FRANKFURT, Jan 20 (Reuters) - German utility EnBW has taken legal action against a decision by the country’s energy regulator that forces it to keep open four power generating units it intended to close.
Germany’s third-biggest utility said on Monday it had filed a complaint with the Higher Regional Court in Duesseldorf against the decision by regulator Bundesnetzagentur (BnetzA).
Earlier this month, the regulator rejected an application by EnBW to close down the plants, saying they were considered crucial for safe supply in the south-western region.
The four units are oil-, gas- and coal-fired at EnBW’s Marbach and Walheim sites, with a capacity of 668 megawatts (MW).
German utilities need approval from the regulator to shut plants and are landed with the cost of maintaining unprofitable operations when it blocks their closure.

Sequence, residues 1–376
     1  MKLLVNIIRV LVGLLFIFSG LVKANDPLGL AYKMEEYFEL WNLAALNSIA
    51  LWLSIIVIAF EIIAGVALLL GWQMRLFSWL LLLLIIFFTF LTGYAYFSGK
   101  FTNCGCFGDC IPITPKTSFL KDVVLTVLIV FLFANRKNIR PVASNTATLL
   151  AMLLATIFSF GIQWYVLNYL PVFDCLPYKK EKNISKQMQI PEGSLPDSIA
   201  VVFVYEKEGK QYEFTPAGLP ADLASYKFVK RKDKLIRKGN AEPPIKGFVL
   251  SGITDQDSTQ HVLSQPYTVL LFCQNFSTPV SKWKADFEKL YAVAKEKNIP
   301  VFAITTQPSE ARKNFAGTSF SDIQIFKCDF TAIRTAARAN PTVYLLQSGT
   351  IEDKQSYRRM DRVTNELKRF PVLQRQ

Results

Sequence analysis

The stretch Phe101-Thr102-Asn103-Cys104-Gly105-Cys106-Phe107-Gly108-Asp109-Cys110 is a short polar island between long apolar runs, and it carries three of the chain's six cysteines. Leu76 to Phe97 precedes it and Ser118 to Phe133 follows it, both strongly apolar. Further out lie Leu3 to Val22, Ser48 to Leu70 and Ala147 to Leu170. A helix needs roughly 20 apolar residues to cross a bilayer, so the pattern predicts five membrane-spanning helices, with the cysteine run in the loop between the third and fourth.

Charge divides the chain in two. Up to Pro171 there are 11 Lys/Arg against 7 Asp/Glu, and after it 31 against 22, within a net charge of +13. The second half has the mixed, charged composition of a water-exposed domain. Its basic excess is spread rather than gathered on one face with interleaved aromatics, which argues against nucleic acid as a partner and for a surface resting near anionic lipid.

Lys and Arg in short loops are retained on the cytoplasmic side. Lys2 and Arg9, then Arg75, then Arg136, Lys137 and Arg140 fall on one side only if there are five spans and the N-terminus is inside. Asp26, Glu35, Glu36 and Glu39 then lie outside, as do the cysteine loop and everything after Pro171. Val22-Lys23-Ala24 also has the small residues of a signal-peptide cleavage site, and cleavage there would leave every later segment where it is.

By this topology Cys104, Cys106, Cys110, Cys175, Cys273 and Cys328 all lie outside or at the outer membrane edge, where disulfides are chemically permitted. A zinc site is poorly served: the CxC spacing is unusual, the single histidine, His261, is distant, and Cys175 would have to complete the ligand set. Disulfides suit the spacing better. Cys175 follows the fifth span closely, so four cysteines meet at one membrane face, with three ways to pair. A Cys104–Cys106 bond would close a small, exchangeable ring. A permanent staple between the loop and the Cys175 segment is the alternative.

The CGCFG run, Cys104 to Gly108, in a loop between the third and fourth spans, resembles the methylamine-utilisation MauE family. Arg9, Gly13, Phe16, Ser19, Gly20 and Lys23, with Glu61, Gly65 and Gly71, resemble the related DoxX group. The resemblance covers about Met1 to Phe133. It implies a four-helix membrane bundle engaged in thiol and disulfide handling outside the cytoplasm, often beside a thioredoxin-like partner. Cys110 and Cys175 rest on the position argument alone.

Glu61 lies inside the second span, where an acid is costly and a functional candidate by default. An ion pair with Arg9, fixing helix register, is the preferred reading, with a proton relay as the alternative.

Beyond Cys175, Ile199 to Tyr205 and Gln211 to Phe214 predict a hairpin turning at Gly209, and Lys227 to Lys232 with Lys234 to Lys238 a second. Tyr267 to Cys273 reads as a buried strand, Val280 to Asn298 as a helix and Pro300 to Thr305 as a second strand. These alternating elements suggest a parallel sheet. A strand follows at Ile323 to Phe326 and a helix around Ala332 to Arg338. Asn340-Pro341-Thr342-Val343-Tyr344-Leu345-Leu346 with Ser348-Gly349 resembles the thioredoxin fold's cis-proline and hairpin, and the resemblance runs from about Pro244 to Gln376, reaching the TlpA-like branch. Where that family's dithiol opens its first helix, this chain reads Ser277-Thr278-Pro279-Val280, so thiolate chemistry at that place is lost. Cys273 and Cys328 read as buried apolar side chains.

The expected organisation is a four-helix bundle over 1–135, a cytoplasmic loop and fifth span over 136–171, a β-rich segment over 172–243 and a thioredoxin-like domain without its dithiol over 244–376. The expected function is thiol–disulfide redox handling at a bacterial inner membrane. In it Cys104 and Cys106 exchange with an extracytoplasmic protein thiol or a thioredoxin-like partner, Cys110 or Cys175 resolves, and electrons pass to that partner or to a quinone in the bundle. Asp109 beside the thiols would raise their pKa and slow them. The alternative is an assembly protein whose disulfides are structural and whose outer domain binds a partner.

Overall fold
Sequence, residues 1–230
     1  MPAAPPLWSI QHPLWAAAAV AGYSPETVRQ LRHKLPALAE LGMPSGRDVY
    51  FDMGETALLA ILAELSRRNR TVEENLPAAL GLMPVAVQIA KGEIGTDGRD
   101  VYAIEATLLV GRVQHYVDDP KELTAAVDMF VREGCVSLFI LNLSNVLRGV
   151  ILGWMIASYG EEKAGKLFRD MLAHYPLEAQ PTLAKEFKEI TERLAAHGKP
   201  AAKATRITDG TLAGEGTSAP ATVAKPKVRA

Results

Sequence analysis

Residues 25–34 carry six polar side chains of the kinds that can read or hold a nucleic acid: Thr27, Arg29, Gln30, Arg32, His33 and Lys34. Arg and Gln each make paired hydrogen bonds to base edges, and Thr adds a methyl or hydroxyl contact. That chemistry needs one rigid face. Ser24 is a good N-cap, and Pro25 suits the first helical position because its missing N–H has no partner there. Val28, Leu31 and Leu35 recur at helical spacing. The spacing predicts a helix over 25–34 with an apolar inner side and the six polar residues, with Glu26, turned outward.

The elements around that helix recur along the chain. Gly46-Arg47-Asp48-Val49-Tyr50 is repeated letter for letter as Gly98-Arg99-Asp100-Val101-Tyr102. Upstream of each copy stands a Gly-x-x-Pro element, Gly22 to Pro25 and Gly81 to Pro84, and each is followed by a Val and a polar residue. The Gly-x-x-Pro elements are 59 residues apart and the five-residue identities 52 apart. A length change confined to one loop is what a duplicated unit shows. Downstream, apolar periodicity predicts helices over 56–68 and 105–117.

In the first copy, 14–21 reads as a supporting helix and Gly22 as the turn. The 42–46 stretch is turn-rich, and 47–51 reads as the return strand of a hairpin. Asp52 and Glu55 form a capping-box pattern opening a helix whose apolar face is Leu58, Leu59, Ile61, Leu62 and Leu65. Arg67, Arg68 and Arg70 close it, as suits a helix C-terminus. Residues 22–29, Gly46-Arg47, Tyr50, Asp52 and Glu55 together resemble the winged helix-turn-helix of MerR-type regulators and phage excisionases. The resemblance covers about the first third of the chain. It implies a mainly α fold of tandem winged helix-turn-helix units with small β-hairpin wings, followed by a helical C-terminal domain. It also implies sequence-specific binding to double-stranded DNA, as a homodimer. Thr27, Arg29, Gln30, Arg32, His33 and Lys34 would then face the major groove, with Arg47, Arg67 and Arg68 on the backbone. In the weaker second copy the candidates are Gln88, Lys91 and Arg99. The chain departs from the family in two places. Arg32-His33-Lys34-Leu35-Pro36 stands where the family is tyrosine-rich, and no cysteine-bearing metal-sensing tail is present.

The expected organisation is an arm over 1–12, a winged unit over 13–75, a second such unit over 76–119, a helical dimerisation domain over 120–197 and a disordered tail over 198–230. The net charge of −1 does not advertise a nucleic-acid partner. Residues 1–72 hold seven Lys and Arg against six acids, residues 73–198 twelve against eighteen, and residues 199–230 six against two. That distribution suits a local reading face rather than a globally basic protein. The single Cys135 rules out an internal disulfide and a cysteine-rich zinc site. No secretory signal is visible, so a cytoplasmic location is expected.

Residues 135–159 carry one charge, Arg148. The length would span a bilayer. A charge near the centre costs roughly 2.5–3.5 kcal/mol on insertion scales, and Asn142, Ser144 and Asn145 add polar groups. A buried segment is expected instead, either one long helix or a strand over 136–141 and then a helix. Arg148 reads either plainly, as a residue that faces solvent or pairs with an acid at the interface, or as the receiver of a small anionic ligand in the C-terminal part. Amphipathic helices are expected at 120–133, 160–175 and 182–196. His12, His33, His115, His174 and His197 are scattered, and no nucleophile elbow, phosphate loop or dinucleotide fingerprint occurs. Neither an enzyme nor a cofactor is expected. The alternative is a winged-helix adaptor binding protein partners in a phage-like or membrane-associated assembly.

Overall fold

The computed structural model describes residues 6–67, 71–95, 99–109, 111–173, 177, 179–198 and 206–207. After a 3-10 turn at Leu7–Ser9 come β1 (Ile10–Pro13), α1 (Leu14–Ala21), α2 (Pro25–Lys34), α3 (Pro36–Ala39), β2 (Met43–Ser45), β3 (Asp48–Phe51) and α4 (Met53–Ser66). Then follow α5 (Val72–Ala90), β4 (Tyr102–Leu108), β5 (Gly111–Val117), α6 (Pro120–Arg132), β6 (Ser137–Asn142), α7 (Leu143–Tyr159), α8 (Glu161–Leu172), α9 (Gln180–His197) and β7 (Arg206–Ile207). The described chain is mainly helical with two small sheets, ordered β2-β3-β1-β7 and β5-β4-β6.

“In a market economy, individual companies should not be forced to offer a service for free. Otherwise, our business is threatened by grave competitive disadvantages and losses, putting jobs at risk. We cannot accept this,” EnBW’s Chief Executive Frank Mastiaux told German newspaper Die Welt in an interview published on Monday.
Green power supply takes precedence on transmission grids in Germany. This cuts minimum running hours needed for some conventional power stations conceived to run 24 hours a day. EnBW’s peers E.ON and RWE are also either shutting down or mothballing plants as a result.
The regulator oversees a list of applications for closures which currently amounts to 41 power generation units. (Reporting by Christoph Steitz; Editing by Mark Potter)